Bureau of Economic Analysis: 2021 a record-breaking year for outdoor recreation economy
The Bureau of Economic Analysis (BEA), an agency of the U.S. Department of Commerce, released national and state economic data showcasing the record-breaking year the outdoor recreation economy had in 2021. This analysis demonstrates outdoor recreation’s powerful and positive economic impact on the U.S. economy as the nation rebounded from the COVID-19 pandemic and Americans prioritized time outside. New government data shows outdoor recreation generated $862 billion in economic output, comprised 1.9% of the U.S. GDP, and supported 4.5 million jobs (or 3% of all employees in the country).
This report shows how the outdoor recreation economy continues to support people, communities, and economies across the country, especially in rural areas.
“The BEA data underscores how important it is to invest in public lands, waters, and recreation infrastructure from coast to coast and for recreation activities of all types,” said Jessica Turner, president of the Outdoor Recreation Roundtable. “From the creation of jobs and increased profit for small businesses in local economies, to larger boons to our national economy, this sector is a consistent driver, even in times of economic uncertainty. The strength of the outdoor recreation economy reflects what many in the industry have long known to be true: there are infinite benefits that come from more people spending time outdoors, and they’ll only grow with continued investment.”
According to the report, $14 billion was added to Pennsylvania’s GDP from outdoor recreation, up 22% from 2020.
“Outdoor recreation statistics are not yet available at the county level, but this sector is definitely growing in the PA Wilds region,” said PA Wilds Center CEO Ta Enos. “We’ve seen double-digit growth in visitor spending in every county of the PA Wilds over the last decade, record-setting growth in the years leading up to the pandemic, many small business startups and expansions, and a growing number of rural communities leveraging their positions as gateways to public lands, waterways and other recreation assets in recent years. We’ve also seen many rural communities advancing regionally-significant recreation projects that improve quality of life and serve as powerful economic drivers.”
Enos said the PA Department of Conservation and Natural Resources, which manages so much of the public land in the PA Wilds, has been a critical investor in the PA Wilds outdoor recreation industry cluster through its Conservation Landscape program; and through the annual Community Conservation Partnership Programs (C2P2) grants it administers, which supports so many community-driven recreation, park and conservation projects across the Wilds.
“DCNR understood the power of outdoor rec as a rural economic driver when they helped launch the PA Wilds effort two decades ago,” Enos said. “We would not be where we are today without their help and leadership.”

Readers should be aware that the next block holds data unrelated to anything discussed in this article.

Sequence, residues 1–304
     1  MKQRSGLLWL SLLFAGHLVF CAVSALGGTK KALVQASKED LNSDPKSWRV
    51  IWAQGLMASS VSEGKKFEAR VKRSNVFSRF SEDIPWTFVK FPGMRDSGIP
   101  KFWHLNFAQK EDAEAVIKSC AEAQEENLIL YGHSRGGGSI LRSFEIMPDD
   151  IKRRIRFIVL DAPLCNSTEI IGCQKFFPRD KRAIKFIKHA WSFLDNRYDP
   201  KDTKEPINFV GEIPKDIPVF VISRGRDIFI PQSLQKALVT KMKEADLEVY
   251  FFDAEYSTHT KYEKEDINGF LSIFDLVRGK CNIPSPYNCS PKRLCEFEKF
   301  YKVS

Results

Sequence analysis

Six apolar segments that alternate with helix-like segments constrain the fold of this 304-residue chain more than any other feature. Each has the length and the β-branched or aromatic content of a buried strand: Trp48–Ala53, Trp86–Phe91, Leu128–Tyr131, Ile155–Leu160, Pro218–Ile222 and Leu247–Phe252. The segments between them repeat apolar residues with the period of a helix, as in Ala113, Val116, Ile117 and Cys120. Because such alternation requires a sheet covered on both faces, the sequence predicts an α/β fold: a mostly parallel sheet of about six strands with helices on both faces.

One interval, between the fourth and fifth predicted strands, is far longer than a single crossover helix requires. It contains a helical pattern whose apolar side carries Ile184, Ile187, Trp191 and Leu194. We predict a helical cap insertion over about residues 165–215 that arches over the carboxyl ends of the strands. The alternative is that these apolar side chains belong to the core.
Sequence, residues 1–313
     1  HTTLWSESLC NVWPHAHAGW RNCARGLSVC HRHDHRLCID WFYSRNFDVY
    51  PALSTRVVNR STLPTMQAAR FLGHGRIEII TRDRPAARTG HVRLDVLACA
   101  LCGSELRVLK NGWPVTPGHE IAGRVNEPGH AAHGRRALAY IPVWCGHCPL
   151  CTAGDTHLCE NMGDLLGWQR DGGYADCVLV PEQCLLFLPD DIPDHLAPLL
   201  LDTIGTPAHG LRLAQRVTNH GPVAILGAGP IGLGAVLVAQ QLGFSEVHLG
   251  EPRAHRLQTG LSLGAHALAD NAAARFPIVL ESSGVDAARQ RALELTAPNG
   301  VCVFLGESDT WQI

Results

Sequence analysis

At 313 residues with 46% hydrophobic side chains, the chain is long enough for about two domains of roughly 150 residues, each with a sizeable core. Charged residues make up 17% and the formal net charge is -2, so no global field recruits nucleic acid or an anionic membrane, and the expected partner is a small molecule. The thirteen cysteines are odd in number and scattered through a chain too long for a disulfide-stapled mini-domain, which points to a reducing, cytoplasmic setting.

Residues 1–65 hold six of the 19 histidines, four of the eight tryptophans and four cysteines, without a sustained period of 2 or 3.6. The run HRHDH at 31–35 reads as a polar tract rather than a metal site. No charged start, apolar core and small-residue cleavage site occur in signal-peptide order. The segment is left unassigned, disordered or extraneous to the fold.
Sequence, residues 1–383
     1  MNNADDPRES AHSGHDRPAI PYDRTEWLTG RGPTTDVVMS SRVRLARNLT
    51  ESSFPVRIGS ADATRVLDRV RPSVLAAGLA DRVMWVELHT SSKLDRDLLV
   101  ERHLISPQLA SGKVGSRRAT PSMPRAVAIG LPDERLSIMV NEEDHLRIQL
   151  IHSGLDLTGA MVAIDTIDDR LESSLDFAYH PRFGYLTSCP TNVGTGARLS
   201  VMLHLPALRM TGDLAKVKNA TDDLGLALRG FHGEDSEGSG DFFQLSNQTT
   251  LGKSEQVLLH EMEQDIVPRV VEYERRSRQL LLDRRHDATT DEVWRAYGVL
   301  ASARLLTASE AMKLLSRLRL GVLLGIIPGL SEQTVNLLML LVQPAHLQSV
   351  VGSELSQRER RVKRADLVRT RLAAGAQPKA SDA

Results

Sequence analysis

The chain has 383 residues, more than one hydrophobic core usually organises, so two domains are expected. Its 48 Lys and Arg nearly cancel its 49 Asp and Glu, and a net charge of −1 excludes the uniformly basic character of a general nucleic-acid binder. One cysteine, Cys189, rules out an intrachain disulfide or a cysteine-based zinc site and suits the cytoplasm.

The federal Appalachian Regional Commission, which in PA works closely with the PA Department of Community and Economic Development to make investments, has also been a critical investor in outdoor recreation economies across the 13 states that make up Appalachia, including in the PA Wilds.
“I feel like the PA Wilds is a microcosm of what we see happening across the larger Appalachian Region,” Enos says. “Public lands are the bones of the outdoor rec economy, and Appalachia has a lot of those. Applachia also has big population centers nearby, and growing market demand for outdoor rec experiences and products. Appalachia also has a rich cultural and natural heritage, and a history of hardship and dignity in the face of that hardship, that keeps it grounded and authentic. That is important for outdoor rec destinations, and the outdoor rec companies that call those destinations home, because consumers increasingly want to support authentic, socially-responsible destinations, brands and goods. Then on top of that, Appalachia has a lot of entrepreneurial people because a lot of us have had to bootstrap for a really long time. So across Appalachia, you see communities recognizing these things, getting organized around them, and really working to grow outdoor economies. And ARC has been there, investing in these efforts and helping to build peer networks around them.”
Earlier this year, DCNR hired the state’s first ever Outdoor Recreation Director, Nathan Reigner, to connect public land managers, private industry, and community projects to grow their outdoor economies.
“We can already see the impact of Reigner’s work, and the national visibility it has brought to PA and the PA Wilds region,” Enos said.
Five individuals from the PA Wilds region serve on the Growing Outdoor Recreation for PA coalition, which is led by Reigner and helping to shape what a new Office of Outdoor Recreation could look like for Pennsylvania.
“Pennsylvania has long been a leader in the country in outdoor recreation, both in terms of the number of outdoor enthusiasts that call Pennsylvania home, and the innovative, collaborative and sustainable approaches we’re taking to grow this sector,” Enos said.
“Pennsylvania has one of the largest outdoor recreation economies in the country, employing hundreds of people across the manufacturing and service sectors. But as the new BEA statistics show, there is still a lot of room for growth. We are excited to see where we can go as a rural region and as a state as Pennsylvania puts more supports around this growing sector.”
Check out the full story at the Outdoor Recreation Roundtable website.
See Pennsylvania’s specific statistics from the BEA website or at Outdoor Recreation Roundtable’s state-by-state breakdown.
Even more information is available at the Pennsylvania Department of Conservation and Natural Resources page for the Director of Outdoor Recreation.
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